Requirements for proof of genuine use increasingly difficult to meet

Switzerland

Nestlé Schöller GmbH & Co KG opposed the trademark KOALA'S MARCH, depicted below on the left, based on its earlier KOALA mark (and device), depicted below on the right. Both marks covered biscuits.

                 Opposed mark                             Nestlé Schöller's mark

In Decision B-3294/2013 (April 1 2014), the Federal Administrative Court found that Nestlé Schöller had failed to prove the genuine use of its mark in the five years before the objection of non-use was raised. It left open the question of whether use in the form depicted below was sufficiently close to the registered mark to qualify as use:

The court noted that the mark as registered contained three repetitions of the word 'Koala', which the actual packaging did not. It came to the conclusion that, in any case, the proven average annual revenue of €8,000 did not amount to "genuine" use for everyday consumer goods such as biscuits.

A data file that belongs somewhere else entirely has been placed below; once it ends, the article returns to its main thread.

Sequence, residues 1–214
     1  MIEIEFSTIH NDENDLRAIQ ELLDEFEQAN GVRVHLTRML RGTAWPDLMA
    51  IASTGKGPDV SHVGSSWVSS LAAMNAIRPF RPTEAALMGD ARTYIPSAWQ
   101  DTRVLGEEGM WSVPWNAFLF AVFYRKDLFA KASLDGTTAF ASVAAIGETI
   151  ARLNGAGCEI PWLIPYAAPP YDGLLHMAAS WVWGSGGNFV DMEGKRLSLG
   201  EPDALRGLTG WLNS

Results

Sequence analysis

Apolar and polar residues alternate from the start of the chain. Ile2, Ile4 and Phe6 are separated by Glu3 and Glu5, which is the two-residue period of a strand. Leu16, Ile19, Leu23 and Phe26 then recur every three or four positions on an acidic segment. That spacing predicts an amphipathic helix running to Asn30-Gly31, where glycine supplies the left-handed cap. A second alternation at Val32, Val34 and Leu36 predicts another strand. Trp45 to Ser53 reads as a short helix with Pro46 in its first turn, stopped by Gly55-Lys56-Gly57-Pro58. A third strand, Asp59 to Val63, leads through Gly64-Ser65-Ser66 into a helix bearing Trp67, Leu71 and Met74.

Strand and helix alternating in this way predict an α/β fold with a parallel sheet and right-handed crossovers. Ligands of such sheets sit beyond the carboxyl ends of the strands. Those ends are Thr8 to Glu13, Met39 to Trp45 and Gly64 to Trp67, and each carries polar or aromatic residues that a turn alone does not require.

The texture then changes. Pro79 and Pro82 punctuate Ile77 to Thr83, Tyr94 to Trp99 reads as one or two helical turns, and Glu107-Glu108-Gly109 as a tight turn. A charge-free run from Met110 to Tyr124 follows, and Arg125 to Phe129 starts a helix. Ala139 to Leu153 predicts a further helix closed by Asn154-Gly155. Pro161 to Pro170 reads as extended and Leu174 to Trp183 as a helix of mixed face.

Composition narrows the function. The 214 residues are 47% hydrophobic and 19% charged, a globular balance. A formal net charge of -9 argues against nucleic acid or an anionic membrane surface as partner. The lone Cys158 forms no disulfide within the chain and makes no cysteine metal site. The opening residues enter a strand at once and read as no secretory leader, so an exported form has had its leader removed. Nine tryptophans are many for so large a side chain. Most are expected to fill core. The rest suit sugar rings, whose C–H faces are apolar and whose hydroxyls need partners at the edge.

The court requires very detailed evidence when it comes to actual use. It criticised the fact that most of the sales figures could not be attributed to specific goods or packaging and, therefore, failed to prove actual revenues. It also held, once again, that affidavits under German law (eidesstattliche Erklärungen) do not have any special status under Swiss law and are not, per se, sufficient evidence. They do, however, carry some weight if the person signing the affidavit is also offered as a witness.

The decision is a reminder that the Federal Administrative Court is ratcheting up the requirements for proof of genuine use. The requirements have reached a level that is difficult to meet, even for sophisticated trademark owners such as Nestlé Schöller. The actual use of the mark by its licensee, Kuchenmeister GmbH, can hardly be doubted (use in Germany is sufficient under the 1892 agreement between Germany and Switzerland).

Mark Schweizer, Meyerlustenberger Lachenal, Zurich
 

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